EU aid faces the same challenges as non-governmental aid groups have faced – that by providing support they may inadvertently be playing a political role by helping prop up the status quo, giving life-support services that should normally be provided by Israel, as the occupying power.

“EU funding is strategic. Its main aim is to prevent instability. It is thus scared of the PA’s breakdown,” said Caroline Du Plessix.

For Sami Abu Roza, former economic policy adviser to the Palestinian president, this system of dependency has a bitter political aftertaste.

“If you take away the good intention behind the money, aid is a substitute for not having real remedies,” he told IRIN at the PA’s Ministry of Education, where he currently works. The EU’s approach to solving the conflict, he says, is part of a larger trend he calls “peaceconomics”, the feeding of an illusionary idea that institution-building and economic aid can contribute to real progress, while the actual political causes behind the difficult situation are side-lined and remain unresolved.

“Patronizing” Attitude

“The EU’s attitude towards Palestinians is patronizing, as if money was the only thing Palestinians needed,” he said, adding: “They are sacrificing real solutions for economic aid, building a smoke screen around the real problems.”

“Palestinians know that any money coming to Palestinians is political. But they also know that the world won’t stop paying for Palestinians under occupation. That’s the strange kind of peace Palestinians live in.”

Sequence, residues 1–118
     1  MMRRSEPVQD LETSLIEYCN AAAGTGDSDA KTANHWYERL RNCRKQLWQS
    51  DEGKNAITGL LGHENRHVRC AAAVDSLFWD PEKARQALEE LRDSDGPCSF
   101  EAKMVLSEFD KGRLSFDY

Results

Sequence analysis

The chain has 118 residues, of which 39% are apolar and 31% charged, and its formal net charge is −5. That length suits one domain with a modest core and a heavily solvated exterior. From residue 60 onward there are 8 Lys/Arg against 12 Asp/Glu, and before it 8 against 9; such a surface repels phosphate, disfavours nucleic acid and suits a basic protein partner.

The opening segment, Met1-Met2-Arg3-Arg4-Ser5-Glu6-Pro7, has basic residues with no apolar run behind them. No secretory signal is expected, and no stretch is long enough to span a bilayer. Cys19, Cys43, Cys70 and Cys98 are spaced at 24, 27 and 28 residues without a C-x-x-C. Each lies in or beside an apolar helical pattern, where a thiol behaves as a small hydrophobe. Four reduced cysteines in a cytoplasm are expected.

In an attempt to decrease the political dependence from aid, the Ministry of Education has implemented a new mechanism, the Joint Financing Agreement, which has been running for about three years. With aid money flowing from the German KfW Development Bank, Finland, Ireland, Norway and Belgium, directly into a pool at the treasury of the PA’s Ministry of Finance, the Ministry of Education has full ownership of the money and decides how and where it is spent.

“It’s a small path to independence, towards political independence,” Abu Roza said.

But for one senior official in the Ministry, who asked to remain anonymous, the notion of independence remains unreal. “We don’t have control of our own borders, no taxation, and all of Area C is under Israel’s control. What economic independence are we speaking of?” he said, adding that the PA was not created to become a social entity providing salaries and services to Palestinians. “Its aim was political, and so are our problems.”